Q: I’ve read that Sam Weller in The Pickwick Papers is supposed to be a cockney. But the main peculiarities of his speech (using “v” where there should be a “w,” and “w” where there should be a “v”) doesn’t sound like any cockney accent I’ve heard.
A: You’re right. The dialect spoken by Sam Weller in the novel, which Charles Dickens originally published as a serial in 1836-37, is different from the cockney spoken in London now.
In fact, it’s different from the cockney spoken 40 years later, when George Bernard Shaw arrived in London. But as Shaw came to learn, Sam Weller’s dialect was indeed cockney.
In an explanatory note about the cockney used by Frederick Drinkwater, a character in his 1900 stage comedy Captain Brassbound’s Conversion, Shaw writes:
“When I came to London in 1876, the Sam Weller dialect had passed away so completely that I should have given it up as a literary fiction if I had not discovered it surviving in a Middlesex village, and heard of it from an Essex one.”
Shaw adds that he used the Drinkwater character to educate people about how cockney was really spoken at the turn of the century.
“So I have taken the liberty of making a special example of him, as far as that can be done without a phonetic alphabet, for the benefit of the mass of readers outside London who still form their notions of cockney dialect on Sam Weller.”
In Shaw’s play, Drinkwater pronounces “v” and “w” normally, and speaks with many of the characteristics of modern cockney, such as pronouncing “lady” as LIE-dy, “ever hear” as HEV-er EAR, and “likely” as LOI-kly.
Shaw uses an “aw” instead of “oi” to render the cockney “likely” in his script, but he’s apparently referring to the same sound. “This aw for i, which I have made Drinkwater use, is the latest stage of the old diphthongal oi,” Shaw writes.
In Cockney Past and Present (2015), which traces the evolution of the dialect from the 16th century to modern times, William Matthews indicates that the use of “v” for “w” and “w” for “v” were features of cockney at least as far back as the 1700s.
He notes that the educator James Elphinston, who translated the odes of Martial into English in 1782, used one of the Roman writer’s odes to illustrate the cockney speech of Elphinston’s time. Here are the opening lines:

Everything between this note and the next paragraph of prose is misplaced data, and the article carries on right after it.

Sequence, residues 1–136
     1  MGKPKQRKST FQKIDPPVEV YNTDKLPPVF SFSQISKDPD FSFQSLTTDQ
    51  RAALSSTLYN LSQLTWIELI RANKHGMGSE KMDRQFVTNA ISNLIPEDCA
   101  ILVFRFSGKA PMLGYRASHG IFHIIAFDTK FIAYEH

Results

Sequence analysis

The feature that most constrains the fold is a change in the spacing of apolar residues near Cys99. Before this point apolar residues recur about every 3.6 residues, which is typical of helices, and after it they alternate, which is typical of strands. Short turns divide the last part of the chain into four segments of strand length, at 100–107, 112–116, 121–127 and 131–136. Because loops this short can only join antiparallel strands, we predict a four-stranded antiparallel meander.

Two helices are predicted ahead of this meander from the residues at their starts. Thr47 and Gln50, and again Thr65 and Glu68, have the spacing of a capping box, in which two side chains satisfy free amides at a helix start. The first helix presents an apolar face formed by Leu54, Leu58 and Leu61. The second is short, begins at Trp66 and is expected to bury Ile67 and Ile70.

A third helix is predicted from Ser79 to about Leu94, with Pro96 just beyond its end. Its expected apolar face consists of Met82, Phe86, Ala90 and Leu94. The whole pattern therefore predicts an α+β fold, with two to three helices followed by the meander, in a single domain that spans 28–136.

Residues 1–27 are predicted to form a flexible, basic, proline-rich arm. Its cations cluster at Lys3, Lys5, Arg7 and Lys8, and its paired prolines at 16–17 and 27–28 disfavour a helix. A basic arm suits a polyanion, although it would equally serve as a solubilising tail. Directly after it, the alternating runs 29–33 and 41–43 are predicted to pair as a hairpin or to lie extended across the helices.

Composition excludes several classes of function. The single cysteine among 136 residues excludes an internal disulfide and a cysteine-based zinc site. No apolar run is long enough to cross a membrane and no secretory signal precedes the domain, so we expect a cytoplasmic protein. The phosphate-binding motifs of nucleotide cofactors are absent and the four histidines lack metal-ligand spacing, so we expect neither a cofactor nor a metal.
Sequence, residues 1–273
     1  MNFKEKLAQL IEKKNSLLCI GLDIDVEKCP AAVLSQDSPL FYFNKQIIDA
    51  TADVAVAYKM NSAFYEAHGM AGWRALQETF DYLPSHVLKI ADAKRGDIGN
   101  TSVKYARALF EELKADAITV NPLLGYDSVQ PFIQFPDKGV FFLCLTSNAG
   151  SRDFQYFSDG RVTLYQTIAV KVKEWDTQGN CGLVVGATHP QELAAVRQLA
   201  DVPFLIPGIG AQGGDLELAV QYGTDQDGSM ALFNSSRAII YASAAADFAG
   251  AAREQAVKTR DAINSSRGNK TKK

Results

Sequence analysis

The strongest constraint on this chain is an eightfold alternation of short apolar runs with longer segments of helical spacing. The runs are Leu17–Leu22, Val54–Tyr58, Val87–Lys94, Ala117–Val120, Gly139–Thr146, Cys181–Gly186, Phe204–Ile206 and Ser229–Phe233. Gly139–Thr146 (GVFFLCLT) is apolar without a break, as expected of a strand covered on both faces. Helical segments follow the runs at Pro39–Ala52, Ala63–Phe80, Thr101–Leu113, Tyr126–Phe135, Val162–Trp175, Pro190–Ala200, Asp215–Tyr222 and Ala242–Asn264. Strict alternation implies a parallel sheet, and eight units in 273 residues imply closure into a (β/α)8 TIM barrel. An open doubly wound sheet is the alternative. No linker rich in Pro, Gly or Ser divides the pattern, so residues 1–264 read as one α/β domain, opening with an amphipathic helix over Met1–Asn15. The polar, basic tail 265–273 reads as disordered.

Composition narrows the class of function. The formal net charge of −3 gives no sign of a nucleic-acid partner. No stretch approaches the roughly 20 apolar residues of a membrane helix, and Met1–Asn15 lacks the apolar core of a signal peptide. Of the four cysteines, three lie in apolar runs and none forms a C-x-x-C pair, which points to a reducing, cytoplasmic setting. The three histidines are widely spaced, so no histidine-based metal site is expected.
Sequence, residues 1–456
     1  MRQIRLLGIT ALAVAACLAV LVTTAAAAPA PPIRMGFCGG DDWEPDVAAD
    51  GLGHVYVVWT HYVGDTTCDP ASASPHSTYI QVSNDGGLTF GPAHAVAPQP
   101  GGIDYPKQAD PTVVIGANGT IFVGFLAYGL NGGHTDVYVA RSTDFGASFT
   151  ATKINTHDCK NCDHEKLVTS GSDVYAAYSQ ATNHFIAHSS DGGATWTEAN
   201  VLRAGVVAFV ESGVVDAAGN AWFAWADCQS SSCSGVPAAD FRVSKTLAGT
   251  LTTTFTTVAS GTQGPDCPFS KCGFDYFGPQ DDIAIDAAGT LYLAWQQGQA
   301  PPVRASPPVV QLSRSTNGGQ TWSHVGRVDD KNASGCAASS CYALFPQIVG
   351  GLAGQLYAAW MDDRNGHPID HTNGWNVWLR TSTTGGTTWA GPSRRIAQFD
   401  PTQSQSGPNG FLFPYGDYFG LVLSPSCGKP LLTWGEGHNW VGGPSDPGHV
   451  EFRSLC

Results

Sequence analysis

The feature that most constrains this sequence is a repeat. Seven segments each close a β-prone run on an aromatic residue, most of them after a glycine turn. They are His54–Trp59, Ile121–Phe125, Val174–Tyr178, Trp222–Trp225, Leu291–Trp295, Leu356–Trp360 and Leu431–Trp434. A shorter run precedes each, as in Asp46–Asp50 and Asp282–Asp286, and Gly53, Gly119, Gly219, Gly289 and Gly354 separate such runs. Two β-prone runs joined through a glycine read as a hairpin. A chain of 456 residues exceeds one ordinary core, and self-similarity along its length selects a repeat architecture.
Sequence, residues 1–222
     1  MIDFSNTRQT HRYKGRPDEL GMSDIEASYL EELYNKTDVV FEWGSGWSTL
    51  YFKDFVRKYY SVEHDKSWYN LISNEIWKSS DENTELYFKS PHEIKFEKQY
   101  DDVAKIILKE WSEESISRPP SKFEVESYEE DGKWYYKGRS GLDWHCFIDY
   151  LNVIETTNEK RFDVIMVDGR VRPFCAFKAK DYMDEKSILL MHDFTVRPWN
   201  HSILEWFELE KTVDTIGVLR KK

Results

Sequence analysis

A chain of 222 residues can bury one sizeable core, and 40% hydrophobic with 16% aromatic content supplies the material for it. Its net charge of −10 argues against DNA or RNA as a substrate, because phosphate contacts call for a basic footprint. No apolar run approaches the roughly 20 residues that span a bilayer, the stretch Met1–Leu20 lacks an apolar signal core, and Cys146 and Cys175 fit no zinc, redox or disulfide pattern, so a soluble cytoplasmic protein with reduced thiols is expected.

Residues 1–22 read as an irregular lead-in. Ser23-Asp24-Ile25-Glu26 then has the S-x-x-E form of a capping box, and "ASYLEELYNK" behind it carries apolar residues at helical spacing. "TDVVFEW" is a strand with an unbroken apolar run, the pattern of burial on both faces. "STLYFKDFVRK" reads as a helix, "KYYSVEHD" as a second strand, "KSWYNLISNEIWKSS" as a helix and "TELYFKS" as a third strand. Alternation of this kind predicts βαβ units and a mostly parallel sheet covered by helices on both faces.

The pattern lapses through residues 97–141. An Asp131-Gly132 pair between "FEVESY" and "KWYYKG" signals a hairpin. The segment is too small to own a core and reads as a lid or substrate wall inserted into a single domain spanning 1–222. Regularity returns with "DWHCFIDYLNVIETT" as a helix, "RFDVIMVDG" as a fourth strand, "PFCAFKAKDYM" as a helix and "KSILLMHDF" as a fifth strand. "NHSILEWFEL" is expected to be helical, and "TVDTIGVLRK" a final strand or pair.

Ve have at length resoom’d our place,
And can, vith doo distinction, set;
Nor ve, the great and wulgar met.
Ve dooly can behould the play,
Sence ve in no confusion lay.
Matthews points out several other literary examples of “v” and “w” swapping from the 1700s and 1800s.
In The Waterman, a 1774 opera by the British composer and dramatist Charles Dibdin, the cockney character Tom Tugg pronounces “w” in the usual way, but “v” comes out as “w” when he says “you’ll never catch me at your Cupids and Wenisses.”
And in Fanny Burney’s 1796 novel Camilla, the cockney actor playing Othello pronounces “w” as “v,” and “v” as “w,” but not every “v” is transformed: “I vil a round unwarnish’d tale deliver.”
As we’ve written many times on the blog, the English of yesterday isn’t the English of today, and today’s English won’t be tomorrow’s. The same is true of English dialects.
However, literary cockney isn’t necessarily the same as the cockney spoken on the streets. Writers pick and choose whichever sounds of speech serve their fiction best.
In Dickens’s Pickwick, for example, Sam is much more likely to use “w” for “v” than “v” for “w,” and sometimes both letters are pronounced the usual way. Here are a few examples of Sam’s speech (minus the interpolations):
“Wy, that’s just the wery point as nobody never know’d” … “They von’t be long, Sir, I des-say” … “Yes every man slept vere he fell down” … “Vell all I can say is, that I vish you may get it.”
And here’s an example written around the same time, from Renton Nicholson’s Cockney Adventures (1837-38): “We went in a wan cowered all over with bows, and I vos dressed as smart as a new pin.”
It’s clear that cockney speakers did once pronounce “v” as “w,” and “w” as “v,” but not necessarily in the precise way Sam Weller renders them. Dickens was a novelist, after all, not a phonologist.
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